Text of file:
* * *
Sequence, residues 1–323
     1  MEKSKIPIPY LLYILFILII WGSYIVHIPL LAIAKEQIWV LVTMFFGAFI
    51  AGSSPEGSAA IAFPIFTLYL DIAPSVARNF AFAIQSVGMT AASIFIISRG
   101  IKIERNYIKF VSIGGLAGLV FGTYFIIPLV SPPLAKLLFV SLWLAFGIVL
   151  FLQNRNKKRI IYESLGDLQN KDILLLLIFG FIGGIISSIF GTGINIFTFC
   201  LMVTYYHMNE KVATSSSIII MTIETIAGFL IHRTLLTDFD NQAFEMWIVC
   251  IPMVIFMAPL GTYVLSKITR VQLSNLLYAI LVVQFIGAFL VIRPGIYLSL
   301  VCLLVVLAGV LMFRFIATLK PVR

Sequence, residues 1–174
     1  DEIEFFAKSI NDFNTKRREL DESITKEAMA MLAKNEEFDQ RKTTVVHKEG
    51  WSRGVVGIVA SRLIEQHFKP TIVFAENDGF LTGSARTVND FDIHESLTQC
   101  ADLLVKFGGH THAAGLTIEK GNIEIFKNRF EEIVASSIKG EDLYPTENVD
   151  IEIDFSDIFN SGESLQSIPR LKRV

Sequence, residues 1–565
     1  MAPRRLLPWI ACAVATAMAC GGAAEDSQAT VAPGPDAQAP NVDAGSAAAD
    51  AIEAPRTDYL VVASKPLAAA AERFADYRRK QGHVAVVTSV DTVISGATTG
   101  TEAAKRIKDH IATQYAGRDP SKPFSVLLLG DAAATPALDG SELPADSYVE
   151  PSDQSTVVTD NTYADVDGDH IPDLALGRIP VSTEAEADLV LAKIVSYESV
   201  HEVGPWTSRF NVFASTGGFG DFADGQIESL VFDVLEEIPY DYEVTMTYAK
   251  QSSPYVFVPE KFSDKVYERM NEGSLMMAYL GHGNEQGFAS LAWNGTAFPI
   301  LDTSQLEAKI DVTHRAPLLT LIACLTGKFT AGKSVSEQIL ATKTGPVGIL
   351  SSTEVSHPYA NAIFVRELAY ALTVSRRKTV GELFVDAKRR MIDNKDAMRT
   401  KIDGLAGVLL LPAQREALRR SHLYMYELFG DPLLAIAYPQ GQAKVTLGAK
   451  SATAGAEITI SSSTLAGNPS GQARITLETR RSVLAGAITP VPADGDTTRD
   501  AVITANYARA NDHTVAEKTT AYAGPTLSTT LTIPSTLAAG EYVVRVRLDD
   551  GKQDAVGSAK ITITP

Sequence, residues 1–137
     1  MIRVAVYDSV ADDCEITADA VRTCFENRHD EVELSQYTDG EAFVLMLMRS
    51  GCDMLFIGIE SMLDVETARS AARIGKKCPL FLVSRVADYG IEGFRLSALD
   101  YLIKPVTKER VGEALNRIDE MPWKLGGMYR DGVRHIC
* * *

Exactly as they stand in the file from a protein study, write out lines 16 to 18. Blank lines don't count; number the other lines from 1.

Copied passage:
    51  AIEAPRTDYL VVASKPLAAA AERFADYRRK QGHVAVVTSV DTVISGATTG
   101  TEAAKRIKDH IATQYAGRDP SKPFSVLLLG DAAATPALDG SELPADSYVE
   151  PSDQSTVVTD NTYADVDGDH IPDLALGRIP VSTEAEADLV LAKIVSYESV